All week we’ve been sharing some new recipes that really showcase local meat and vegetables without much fuss. The recipes are easy, the tastes are pure, and the shopping lists are short. If you’re looking for a way to change things up this year or what to bring something special to a dinner someone else is hosting, we invite you to try one of our very own recipes this holiday. And the best thing? You can probably find almost all of these ingredients locally! Continue reading “A Simple and Local Thanksgiving without too much fuss”
This won’t be so much a recipe as much as a reflection on the power of keeping things basic. This side dish is so elegantly simple it comes out great even when you make multiple so-called mistakes. While there are cooks out there seeking the perfect consistency of their mashed potatoes using special tools, other people are busy playing with their kids and end up steaming veggies for “a while”. A chef will practice hundreds of iterations of a recipe trying to find the right balance of salt and spice, and normal people occasionally forget the salt entirely. With flavorful kale and sweet potato as the stars, this recipe will take whatever you throw (or don’t throw) at it. And it’s mighty nutritious. Continue reading “Mashed Kale Sweet Potatoes
Captain’s log, stardate -307097.0319634703. We have travelled through a wormhole and entered a peculiar dinner star system in the Plimoth Alpha sector on a most critical mission of gastrophysical research. These early Earth inhabitants consume a large domesticated fowl, known to them as “turkey” and surround it with illogical amounts of a cousin plant to the now extinct onion. They call this “turkey with 100 cloves”. We are here to observe and attempt to understand the event that changed the course of human history forever. This garlicky dish directly led to the development of our transporter. Continue reading “Turkey with 100 Cloves of Garlic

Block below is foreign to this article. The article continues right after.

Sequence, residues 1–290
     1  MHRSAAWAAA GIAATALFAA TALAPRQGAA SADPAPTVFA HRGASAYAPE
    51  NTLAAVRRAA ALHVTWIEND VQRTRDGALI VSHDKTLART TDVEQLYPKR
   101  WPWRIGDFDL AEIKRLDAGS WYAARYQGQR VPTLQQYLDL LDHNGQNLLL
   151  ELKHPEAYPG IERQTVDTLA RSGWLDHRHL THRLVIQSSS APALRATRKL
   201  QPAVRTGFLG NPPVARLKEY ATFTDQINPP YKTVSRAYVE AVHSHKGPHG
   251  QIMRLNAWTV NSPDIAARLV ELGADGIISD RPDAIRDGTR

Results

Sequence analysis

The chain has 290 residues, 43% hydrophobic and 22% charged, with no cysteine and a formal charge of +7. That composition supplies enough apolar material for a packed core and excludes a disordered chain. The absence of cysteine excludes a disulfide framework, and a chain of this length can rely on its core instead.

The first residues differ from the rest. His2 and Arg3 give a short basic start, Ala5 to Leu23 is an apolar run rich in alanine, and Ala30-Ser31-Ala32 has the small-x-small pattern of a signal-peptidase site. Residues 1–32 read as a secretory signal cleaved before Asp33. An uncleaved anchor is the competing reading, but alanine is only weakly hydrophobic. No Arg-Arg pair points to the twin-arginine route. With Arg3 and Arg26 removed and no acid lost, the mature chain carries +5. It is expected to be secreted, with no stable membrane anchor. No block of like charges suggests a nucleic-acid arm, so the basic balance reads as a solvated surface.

I absolutely LOVE my grandmother’s stuffing and when I first made it for my husband when we were dating I realized, it tastes pretty good, but I had much more fun buying the ingredients and making it than just sitting down to eat the dish. I had to work hard to buy the exact kinds of ingredients, as directed by my aunt and mother. I had a smile on my face talking to each of them listening to how they remember making the stuffing and how they would assign tasks to me and my sister, my cousins, and uncles too! When the final steps came and I was tossing it altogether, before I baked it, I was so happy it looked just right, but even happier that I had followed the food back through the stories, and through the traditions, and even back to the source. My aunt’s handwriting of the ingredients and meticulous steps are permanently stained and next to my new recipes in my cookbook.
Thanksgiving is such a great holiday in our country focused primarily on traditions, food and family. Brian was interested in trying to spatchcock and roast the turkey, so, of course, I got very excited about what will adorn it. I was given free reign over the cranberry sauce and some other side dishes. And while, the staples of the meal have their place, why not try a few new side dishes or a new twist on an old favorite? Continue reading “Thanksgiving Wild Blueberry Cranberry Sauce
Challenge: At your next holiday dinner, point to something on your plate and ask “where did this come from?”
Continue reading “The Quest for Local Thanksgiving Ingredients”
According to some fast research on Google Trends, interest in chicken for Thanksgiving has more than doubled in the past ten years while interest in the classic turkey for Thanksgiving has gone down almost 20%. This surprised me, because not only is turkey THE American tradition for Thanksgiving dinner, it’s also priced insanely cheap in the weeks leading up to the holiday. Any meat under $1/lb is bound to be popular. But it would seem turkey is losing its grasp on consumers when they plan their holiday menus. If not for tradition or economics, why on earth are Americans turning to the simple chicken for one of the most celebrated dinners of the year?